The method allows reaching more rapidly the formation of a numerical model representative of the medium.

The method according to the invention finds applications in the sphere of underground zone modelling intended to generate representations showing how a certain physical quantity is distributed in a zone of the subsoil (permeability, porosity, facies notably), best compatible with observed or measured data, in order for example to favor the development thereof.

BRIEF DESCRIPTION OF THE DRAWINGS

Other features and advantages of the method according to the invention will be clear from reading the description hereafter of a non limitative application example, with reference to the accompanying drawings wherein:

FIG. 1 shows, on the left, h(x,y)∝N(FKK)N(m,σ) and, on the right, the resulting density and distribution functions. The density function is obtained from the diagonal of h(x,y);

FIG. 2 shows two sets (t=0.0 and t=0.5) of punctual pseudo-data resulting from the transformation of uniform probability laws (truncated Gaussian) and the pseudo-data deduced therefrom by gradual deformation (t=0.1, 0.2, 0.3, 0.4);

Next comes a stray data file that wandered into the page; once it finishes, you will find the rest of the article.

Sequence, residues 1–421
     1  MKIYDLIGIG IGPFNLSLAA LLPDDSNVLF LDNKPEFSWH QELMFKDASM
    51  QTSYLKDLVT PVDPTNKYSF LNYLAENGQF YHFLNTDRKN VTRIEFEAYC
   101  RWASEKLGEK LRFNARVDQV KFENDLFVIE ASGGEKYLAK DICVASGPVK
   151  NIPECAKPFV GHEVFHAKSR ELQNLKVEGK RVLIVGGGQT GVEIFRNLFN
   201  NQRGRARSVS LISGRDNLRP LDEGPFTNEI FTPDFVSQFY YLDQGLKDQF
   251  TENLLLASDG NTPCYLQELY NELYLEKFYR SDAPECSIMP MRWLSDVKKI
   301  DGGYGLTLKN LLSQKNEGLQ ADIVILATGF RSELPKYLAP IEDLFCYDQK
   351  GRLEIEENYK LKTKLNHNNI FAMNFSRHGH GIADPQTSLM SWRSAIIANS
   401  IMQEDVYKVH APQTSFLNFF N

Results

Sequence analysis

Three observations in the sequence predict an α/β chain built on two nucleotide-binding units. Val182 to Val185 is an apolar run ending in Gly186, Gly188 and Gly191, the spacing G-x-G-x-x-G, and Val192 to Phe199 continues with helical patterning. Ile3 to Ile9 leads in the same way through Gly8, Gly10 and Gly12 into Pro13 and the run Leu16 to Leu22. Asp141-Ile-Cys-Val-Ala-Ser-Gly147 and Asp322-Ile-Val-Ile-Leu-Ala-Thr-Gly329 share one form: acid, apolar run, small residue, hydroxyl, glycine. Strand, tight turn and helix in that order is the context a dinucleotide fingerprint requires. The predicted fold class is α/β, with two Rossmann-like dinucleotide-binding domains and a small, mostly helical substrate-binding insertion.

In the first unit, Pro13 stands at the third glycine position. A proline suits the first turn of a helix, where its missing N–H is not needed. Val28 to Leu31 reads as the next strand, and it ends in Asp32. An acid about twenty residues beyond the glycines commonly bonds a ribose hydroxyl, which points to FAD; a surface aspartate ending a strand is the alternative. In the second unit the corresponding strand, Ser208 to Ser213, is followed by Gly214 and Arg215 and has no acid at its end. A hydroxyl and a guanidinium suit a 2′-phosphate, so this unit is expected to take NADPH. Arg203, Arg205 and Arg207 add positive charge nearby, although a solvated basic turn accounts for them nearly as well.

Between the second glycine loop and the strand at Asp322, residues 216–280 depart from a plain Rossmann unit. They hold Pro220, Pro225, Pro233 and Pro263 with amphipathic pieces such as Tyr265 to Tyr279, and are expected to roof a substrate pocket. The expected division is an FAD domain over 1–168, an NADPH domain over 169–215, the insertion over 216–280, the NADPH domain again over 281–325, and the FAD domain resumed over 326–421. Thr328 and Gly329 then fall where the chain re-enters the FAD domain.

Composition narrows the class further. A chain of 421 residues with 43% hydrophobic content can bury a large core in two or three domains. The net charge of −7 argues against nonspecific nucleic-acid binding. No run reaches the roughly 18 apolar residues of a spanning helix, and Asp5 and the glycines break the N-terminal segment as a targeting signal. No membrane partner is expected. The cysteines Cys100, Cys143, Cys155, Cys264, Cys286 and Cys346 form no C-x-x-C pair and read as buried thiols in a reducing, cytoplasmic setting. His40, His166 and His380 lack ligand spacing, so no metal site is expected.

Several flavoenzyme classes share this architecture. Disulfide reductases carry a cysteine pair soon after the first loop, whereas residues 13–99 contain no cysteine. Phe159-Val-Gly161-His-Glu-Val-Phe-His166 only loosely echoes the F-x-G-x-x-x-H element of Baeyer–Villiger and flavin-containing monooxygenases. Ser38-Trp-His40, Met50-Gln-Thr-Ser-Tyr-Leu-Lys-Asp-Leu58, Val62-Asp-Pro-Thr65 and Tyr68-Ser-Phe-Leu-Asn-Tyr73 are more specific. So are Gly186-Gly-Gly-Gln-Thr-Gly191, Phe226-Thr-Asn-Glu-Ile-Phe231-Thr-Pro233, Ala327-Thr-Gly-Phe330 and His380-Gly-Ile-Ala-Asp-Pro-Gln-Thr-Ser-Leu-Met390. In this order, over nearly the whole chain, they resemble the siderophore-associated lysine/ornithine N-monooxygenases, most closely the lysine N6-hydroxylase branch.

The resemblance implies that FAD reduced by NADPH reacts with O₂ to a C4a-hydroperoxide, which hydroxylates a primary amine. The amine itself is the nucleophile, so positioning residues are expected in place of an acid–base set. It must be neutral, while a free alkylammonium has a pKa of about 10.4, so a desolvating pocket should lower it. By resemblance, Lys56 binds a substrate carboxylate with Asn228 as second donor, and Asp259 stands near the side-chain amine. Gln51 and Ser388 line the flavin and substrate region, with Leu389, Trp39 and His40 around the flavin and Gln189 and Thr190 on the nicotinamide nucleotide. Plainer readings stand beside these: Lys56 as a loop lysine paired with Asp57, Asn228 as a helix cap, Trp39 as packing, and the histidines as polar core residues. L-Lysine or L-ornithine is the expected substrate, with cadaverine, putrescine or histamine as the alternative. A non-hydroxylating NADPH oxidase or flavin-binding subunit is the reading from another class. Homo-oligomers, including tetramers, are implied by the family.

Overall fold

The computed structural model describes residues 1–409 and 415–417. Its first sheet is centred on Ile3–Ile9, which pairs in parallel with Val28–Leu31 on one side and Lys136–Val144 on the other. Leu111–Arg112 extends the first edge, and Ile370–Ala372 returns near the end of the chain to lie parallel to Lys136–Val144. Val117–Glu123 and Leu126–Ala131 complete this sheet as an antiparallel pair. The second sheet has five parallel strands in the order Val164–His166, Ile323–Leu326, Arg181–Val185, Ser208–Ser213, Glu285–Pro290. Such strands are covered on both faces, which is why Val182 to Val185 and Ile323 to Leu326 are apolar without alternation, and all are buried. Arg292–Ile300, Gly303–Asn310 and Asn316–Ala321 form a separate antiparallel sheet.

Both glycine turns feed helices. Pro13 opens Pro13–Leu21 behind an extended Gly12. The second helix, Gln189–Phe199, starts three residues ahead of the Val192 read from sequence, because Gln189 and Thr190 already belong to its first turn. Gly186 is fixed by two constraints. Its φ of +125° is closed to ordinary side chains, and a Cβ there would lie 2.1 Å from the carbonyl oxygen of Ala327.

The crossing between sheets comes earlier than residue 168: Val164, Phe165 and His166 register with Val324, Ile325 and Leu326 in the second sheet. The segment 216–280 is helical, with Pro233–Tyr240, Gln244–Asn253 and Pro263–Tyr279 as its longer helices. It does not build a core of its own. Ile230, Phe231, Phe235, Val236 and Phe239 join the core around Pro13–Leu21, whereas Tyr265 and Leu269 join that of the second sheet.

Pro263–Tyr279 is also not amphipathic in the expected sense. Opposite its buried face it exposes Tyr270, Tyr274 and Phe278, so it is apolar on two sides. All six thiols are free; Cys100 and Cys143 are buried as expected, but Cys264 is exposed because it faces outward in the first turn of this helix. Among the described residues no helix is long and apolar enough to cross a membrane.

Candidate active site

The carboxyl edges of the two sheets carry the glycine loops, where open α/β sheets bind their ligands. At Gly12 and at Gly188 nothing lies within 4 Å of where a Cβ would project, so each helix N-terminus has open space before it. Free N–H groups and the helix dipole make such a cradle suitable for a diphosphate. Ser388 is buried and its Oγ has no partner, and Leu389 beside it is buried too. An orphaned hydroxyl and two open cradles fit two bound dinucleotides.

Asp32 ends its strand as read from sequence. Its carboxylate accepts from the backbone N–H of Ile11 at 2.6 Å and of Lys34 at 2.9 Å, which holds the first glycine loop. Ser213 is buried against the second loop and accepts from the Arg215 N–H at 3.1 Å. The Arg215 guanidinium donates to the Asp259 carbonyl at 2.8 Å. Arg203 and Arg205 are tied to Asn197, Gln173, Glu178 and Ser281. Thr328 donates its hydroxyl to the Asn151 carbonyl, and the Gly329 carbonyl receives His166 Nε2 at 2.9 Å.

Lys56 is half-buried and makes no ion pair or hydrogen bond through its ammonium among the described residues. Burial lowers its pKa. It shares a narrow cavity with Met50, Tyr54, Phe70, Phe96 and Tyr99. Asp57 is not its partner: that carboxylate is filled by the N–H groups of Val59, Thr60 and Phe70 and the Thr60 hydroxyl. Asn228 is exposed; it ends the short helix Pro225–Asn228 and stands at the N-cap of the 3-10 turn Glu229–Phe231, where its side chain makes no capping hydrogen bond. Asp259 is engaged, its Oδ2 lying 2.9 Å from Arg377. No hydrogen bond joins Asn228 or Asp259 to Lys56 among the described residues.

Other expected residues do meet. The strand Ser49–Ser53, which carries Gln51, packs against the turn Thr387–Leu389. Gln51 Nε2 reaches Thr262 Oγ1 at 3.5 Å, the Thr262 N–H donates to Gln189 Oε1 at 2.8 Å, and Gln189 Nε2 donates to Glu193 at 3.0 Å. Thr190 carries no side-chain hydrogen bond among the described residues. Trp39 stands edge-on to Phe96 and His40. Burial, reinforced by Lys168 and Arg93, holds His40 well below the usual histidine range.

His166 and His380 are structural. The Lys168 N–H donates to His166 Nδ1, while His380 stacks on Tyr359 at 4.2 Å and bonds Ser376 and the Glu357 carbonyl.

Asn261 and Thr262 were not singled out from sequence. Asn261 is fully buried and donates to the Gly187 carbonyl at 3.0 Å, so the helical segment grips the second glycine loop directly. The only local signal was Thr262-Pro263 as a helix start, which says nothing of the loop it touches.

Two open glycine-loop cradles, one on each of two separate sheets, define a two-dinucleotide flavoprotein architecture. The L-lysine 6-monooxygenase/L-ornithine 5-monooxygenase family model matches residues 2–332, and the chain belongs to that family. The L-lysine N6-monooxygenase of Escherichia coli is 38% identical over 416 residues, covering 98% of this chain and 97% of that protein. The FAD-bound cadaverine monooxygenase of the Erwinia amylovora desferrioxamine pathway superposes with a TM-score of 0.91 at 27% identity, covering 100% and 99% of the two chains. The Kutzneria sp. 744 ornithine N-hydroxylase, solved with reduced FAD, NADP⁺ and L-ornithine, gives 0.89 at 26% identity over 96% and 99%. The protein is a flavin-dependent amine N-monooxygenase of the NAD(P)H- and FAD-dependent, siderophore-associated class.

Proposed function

FIG. 3 shows the optimization process developed to construct realizations constrained to the static (of probability law type) and dynamic data by gradual deformation;

FIG. 4 shows the facies distributions for the reference reservoir, the reservoir taken as starting point for the optimization and the reservoirs obtained at the end of the optimization after modifying or not the pseudo-data deduced from the conversion of the bottom hole facies observations;

FIG. 5 shows the fractional flows simulated for the producing wells and the pressures in the injection well; and

FIG. 6 shows the evolution of the objective function for optimizations performed without modifying the bottom hole pseudo-data (Conventional Matching) and by modifying them (New Matching).

DETAILED DESCRIPTION

The method according to the invention allows, on each iteration of the minimum search process, to gradually modify the realization itself, as well as the pseudo-data resulting from the probability law transformation process expressing the uncertainty at the measuring points. The latter property gives more flexibility to the optimization process and allows approaching the minimum more rapidly.

Transformation of the Probability Laws Associated with the Measuring Points into Punctual Data